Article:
BBC Considers Cutting Anthems From Annual Music Program Because of Perceived Ties to Colonialism, Slavery

The BBC is reportedly thinking about dropping two traditional patriotic anthems from its annual music program because of the songs' perceived ties to colonialism and slavery.

The Proms, or the Henry Wood Promenade Concerts, is an eight-week series of daily classical music concerts and other events held annually, typically inside London's Royal Albert Hall. Two classic British anthems, "Rule, Britannia!" and "Land of Hope and Glory," could be removed from the Last Night of the Proms, according to multiple reports.

The news comes amid the resurgence of the Black Lives Matter (BLM) movement, a primary actor in recent protests around the world against systemic racism and police brutality following the May 25 police-involved death of George Floyd in Minneapolis.

Dalia Stasevska, 35, of Finland is set to conduct the 2020 Proms' final concert. Stasevska is a "big supporter" of BLM, a BBC source told the Sunday Times. Along with the current political and social climate, the ongoing coronavirus pandemic will bring much change to the Proms program. Orchestras will perform this year without an audience.

"Dalia is a big supporter of Black Lives Matter and thinks a ceremony without an audience is the perfect moment to bring change," the BBC source said.

British Flag
A Union Jack flag outside the Houses of Parliament on August 9, 2020 in London, United Kingdom. The BBC is reportedly thinking about dropping two traditional patriotic anthems from its annual music program because of the songs’ perceived ties to colonialism and slavery. Hollie Adams/Getty

"Rule, Britannia!" was written in 1740, originating from a poem by James Thomson, who wished to create a sense of British identity through his writing. Among the lyrics include, "Britons never, never, never shall be slaves" and "The nations not so blest as thee/Must, in their turn, to tyrants fall,/While thou shalt flourish great and free:/The dread and envy of them all."

British pop singer Lily Allen called attention to these lines in a 2019 Instagram story post, writing that the song should "go in the bin" and should no longer be sung, The Independent reported.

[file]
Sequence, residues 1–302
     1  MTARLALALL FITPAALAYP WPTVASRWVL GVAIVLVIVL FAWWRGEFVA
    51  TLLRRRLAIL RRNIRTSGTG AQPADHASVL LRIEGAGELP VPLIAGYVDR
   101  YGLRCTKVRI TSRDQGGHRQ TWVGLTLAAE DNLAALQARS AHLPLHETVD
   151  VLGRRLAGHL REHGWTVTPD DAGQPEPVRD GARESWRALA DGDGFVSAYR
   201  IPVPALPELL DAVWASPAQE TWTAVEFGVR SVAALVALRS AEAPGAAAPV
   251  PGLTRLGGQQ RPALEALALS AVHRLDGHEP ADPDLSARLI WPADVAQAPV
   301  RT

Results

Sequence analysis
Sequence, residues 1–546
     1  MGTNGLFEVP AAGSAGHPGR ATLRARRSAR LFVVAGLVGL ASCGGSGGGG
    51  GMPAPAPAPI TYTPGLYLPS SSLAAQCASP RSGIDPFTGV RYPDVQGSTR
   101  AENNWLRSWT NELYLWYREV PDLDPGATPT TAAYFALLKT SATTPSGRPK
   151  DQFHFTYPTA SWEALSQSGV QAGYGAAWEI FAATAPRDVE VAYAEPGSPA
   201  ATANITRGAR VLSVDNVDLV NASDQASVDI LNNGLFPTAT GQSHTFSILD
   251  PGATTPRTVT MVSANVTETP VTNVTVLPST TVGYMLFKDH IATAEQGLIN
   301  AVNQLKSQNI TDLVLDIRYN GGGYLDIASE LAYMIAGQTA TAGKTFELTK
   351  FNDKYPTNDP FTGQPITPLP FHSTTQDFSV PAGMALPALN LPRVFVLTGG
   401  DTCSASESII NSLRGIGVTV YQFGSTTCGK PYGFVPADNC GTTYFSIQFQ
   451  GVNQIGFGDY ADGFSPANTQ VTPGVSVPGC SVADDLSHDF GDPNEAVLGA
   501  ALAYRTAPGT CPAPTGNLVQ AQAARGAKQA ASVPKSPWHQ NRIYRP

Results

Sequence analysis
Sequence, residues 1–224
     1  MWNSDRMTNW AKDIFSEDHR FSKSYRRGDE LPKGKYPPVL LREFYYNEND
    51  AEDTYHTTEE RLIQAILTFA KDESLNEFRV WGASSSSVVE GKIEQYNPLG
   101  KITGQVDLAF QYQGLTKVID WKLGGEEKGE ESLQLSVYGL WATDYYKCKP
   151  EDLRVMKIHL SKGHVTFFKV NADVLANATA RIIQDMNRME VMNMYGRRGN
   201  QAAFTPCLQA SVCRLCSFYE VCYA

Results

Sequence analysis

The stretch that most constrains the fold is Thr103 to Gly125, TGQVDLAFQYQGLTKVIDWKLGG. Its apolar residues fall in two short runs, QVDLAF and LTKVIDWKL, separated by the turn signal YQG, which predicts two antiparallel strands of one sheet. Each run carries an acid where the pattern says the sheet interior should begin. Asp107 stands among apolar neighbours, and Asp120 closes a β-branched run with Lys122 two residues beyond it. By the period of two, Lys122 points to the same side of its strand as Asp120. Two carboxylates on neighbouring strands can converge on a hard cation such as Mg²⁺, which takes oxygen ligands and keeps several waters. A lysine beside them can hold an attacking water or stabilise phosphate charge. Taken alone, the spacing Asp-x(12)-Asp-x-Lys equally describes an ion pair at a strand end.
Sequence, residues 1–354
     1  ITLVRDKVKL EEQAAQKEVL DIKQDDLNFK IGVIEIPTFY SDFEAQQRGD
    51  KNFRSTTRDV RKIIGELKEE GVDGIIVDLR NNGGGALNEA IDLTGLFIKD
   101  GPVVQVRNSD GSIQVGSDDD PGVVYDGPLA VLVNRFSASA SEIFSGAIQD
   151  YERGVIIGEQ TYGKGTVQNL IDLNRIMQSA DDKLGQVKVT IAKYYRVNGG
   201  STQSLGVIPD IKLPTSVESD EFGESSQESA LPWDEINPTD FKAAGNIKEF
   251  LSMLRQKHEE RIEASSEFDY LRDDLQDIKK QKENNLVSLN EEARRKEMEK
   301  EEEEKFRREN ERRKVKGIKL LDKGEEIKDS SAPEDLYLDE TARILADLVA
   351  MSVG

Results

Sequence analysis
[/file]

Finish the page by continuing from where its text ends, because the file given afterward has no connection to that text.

"Land of Hope and Glory," written in 1901 by A.C. Benson, makes explicit references to British colonialism encouraged by the likes of Cecil Rhodes, who donated much of his wealth to promoting "the extension of British rule throughout the world," according to his will. The anthem's lyrics include: "Wider still and wider shall thy bounds be set/God, who made thee mighty, make thee mightier yet."

The broadcaster's reported decision was met with some criticism. "Defund the BBC," an organization that calls for the limiting of the BBC's TV license, retweeted multiple messages Sunday opposing the songs' removal.

"Why is the BBC pandering to hard-left extremists?" wrote Calvin Robinson, whose Twitter bio describes him as a Defund the BBC "campaign champion."

Laurence Fox, a British actor, wrote that he feels "so honoured" to be British and to be part of its "incredible and diverse modern nation."

"Without the past, we wouldn't be where we are today. I wish the @bbc would stop hating Britain so much. #DefundTheBBC," Fox wrote in his message, which has since been liked more than 6,000 times.

I feel so honoured to be British and part of the incredible and diverse modern nation we have become. Without the past, we wouldn't be where we are today. I wish the @bbc would stop hating Britain so much. #DefundTheBBC

— Laurence Fox 🇭🇰 (@LozzaFox) August 23, 2020

Chi-chi Nwanoku, founder of Chineke!, an orchestra whose musicians are predominantly people of color, emailed BBC Proms chiefs asking them to remove "Rule, Britannia!" from its program.

"The lyrics are just so offensive, talking about the 'haughty tyrants' – people that we are invading on their land and calling them haughty tyrants – and Britons shall never be slaves, which implies that it's OK for others to be slaves but not us," Nwanoku told The Guardian. "It's so irrelevant to today's society. It's been irrelevant for generations, and we seem to keep perpetuating it."

The Last Night of the Proms is scheduled to take place September 12, but plans for the program have not been set in stone.

"We are still finalising arrangements for the Last Night of the Proms so that we are able to respond to the latest advice in regards to Covid-19 and deliver the best offering possible for audiences," the BBC said in a statement sent to Newsweek.

Updated 3:38 p.m. ET: This article has been updated to include a statement from the BBC.